A Plumber’s Pipes Never Work
In 2010 close to five feet of snow accumulated from December to March. For Alexandria VA, while snow is expected and even considered profitable by us snow plowing nuts, the onslaught of large quantities of snow and the resulting tree work was overwhelming, at times perplexing, and ironic in its own special way.
Due to the heavy precipitation accumulation, trees were dropping like flies everywhere. Just as we finished plowing from the first snow, our crews moseyed directly into removing trees from off of buildings, homes, vehicles, and roadways. All of us were either on the roads, up trees, or slogging through many feet of snow just to get to the front door. Unless of course, you’re me; then you’re sitting in your warm kitchen, interchangeably listening to classical music from the radio and the sitcom, “Hot in Cleveland”, from the family room, and waiting for the next phone call from one of the guys on the road. During snow storms, the office gals take turns working from home logging times, weather details, responding to urgent tree or plowing calls, and dispatching appropriate crews. That particular December evening, I was making coffee in preparation of the long night ahead. Our area had just finished the first snowfall at about 2 feet of accumulation and was gearing up for the next storm to come in. Aspect Tree Service had ten plow trucks and six track loaders out on properties trying to close out jobs before the next wave hit. I sat at my kitchen table, the laptop screen lit up in front of me, and looked out the window. My four cats and three dogs got themselves situated around me, either lying in heaps on top of one another or sprawled out across the carpet. At the moment, I was enjoying the break in action and the peace of the evening. The night was silent outside and completely white. The instantaneous sound explosion of crack, slam, and crunch outside was jarring. My mother-in-law, who lived next door, called me the next second. Her flood lights were on and she could see a large Oak tree had broken in half and fallen across our shed and onto our home. Part of the limbs had severed the shingles on our shed roof. While our roof on the house wasn’t punctured, the tree’s limb reach was so long that they extended well under our porch and straight to our front door. I knew Steven would be checking in sometime in the next few hours so I didn’t call in. When I did finally tell him about the tree, he said he’d bring home a chainsaw and take it off the next day. The next day turned into next week, then into next month. Before long, April had arrived.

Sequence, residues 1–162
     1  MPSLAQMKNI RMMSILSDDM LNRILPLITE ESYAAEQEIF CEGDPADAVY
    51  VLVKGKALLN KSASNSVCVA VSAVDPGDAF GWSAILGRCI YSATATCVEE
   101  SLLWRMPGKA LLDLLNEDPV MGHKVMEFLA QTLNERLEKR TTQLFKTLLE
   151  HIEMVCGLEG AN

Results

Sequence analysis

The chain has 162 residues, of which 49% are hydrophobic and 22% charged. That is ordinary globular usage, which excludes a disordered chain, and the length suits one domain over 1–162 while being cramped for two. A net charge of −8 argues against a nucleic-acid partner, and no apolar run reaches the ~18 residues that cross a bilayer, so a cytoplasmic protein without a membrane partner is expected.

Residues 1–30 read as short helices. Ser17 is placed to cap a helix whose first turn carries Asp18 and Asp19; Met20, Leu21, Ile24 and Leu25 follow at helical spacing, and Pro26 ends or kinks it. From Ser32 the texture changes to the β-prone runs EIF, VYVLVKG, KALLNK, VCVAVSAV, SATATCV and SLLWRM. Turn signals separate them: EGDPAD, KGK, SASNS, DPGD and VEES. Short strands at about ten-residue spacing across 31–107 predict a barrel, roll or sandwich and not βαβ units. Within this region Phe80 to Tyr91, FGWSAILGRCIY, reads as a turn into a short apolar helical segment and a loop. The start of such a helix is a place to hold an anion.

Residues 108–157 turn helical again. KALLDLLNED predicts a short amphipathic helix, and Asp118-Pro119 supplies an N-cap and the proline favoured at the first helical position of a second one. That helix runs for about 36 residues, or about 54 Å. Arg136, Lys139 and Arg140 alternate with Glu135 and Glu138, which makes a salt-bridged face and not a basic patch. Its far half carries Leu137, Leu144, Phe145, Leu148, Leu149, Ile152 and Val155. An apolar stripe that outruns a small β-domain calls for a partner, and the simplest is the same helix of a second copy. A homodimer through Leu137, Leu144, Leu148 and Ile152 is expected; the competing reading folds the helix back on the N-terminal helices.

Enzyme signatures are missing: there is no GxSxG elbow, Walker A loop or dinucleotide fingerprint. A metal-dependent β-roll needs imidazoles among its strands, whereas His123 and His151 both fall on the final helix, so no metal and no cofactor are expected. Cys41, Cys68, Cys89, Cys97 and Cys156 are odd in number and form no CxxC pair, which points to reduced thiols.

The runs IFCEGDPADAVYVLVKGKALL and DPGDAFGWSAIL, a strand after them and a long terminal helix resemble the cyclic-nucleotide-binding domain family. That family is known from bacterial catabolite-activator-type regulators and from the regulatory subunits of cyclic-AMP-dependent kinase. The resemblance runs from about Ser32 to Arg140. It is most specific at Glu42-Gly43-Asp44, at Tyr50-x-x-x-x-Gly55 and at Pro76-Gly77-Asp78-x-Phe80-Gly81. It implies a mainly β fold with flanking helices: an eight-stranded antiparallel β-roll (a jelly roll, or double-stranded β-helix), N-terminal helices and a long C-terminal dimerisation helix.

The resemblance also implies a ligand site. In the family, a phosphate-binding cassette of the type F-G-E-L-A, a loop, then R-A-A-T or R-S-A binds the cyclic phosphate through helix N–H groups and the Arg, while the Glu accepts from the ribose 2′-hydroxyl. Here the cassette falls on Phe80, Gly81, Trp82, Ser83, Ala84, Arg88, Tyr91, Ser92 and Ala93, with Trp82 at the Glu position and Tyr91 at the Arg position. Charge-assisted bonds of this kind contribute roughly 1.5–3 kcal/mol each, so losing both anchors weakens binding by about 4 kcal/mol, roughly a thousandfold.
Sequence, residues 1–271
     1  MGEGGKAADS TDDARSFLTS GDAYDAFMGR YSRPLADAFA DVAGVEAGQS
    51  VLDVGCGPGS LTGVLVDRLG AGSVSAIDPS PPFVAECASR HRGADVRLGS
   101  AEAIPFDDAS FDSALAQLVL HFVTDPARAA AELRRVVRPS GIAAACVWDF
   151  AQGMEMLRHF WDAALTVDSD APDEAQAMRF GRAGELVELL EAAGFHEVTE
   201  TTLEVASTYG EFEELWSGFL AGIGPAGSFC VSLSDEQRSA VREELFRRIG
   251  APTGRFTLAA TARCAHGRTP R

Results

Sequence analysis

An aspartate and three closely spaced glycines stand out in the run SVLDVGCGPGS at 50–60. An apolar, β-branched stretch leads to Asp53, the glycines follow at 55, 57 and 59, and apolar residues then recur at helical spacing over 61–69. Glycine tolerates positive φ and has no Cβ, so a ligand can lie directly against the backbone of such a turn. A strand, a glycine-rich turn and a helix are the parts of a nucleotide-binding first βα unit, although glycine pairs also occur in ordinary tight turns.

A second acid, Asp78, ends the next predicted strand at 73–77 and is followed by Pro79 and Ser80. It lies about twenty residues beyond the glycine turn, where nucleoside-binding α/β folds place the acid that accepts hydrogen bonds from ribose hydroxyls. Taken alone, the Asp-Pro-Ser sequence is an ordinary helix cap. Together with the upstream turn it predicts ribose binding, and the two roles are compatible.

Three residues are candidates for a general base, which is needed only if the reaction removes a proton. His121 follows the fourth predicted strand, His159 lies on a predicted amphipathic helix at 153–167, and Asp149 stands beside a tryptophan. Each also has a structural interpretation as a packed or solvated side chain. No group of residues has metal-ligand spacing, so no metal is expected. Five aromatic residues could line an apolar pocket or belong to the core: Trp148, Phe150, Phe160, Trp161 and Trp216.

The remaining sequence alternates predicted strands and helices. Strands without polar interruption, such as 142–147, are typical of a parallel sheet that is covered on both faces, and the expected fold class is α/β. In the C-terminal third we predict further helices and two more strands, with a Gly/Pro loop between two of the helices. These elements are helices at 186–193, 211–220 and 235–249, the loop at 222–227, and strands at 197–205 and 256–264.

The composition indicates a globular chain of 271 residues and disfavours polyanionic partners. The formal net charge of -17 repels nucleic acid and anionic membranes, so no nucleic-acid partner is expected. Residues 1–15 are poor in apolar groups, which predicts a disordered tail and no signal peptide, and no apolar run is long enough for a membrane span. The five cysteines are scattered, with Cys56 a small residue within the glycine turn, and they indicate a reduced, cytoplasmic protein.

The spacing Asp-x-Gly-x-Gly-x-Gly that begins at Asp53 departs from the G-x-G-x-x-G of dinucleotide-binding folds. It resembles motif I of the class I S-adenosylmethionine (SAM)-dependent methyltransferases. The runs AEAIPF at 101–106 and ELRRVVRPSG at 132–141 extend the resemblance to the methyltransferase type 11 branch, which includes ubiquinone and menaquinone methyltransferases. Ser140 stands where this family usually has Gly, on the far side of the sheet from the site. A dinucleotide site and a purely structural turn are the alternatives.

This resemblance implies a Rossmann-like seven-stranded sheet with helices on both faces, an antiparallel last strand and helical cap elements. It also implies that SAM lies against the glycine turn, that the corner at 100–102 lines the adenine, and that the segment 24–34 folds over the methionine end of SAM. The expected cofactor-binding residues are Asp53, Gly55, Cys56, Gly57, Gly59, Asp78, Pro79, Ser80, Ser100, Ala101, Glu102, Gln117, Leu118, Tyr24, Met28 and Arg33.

A quick side note for you: We live in a fairly urban area, but Steven grew up in the house next door. He has lived the last 46 years in this area (barring a couple of Florida jaunts here and there). Our friends and family are many and most still live in the same houses they grew up in, or close by.
One good friend, a roofer, stopped in to see if we wanted him to go ahead and remove it for us. Steve was concerned about the weight of the tree and which direction it might roll, so he wanted to be the one to do it. On a different occasion, Brian (who owned his own plumbing company) called Steven up and mentioned to him about this great tree company he knew about and how they operated very closely to where we live. Around May, some our men stopped by because they heard from the street that we had a tree down. They were just cutting into it when Steven called them and asked them not to worry about it. He’d do it when his time freed up.
That tree did not disappear from off our house until the end of May. And even then, I had just about lost my mind after climbing through those brittle branches for the past five months. I have come to understand that lovely phrase I’ve heard so often the last couple of years, a plumber’s pipes never work, better than ever.Last modified: July 13, 2013
Nikki is the co-owner of Aspect Tree Service in Alexandria, VA. Learn about her business at www.aspecttreeservice.com
This story is part of our Small Business Corner, a peek into the life and trials of small business owners.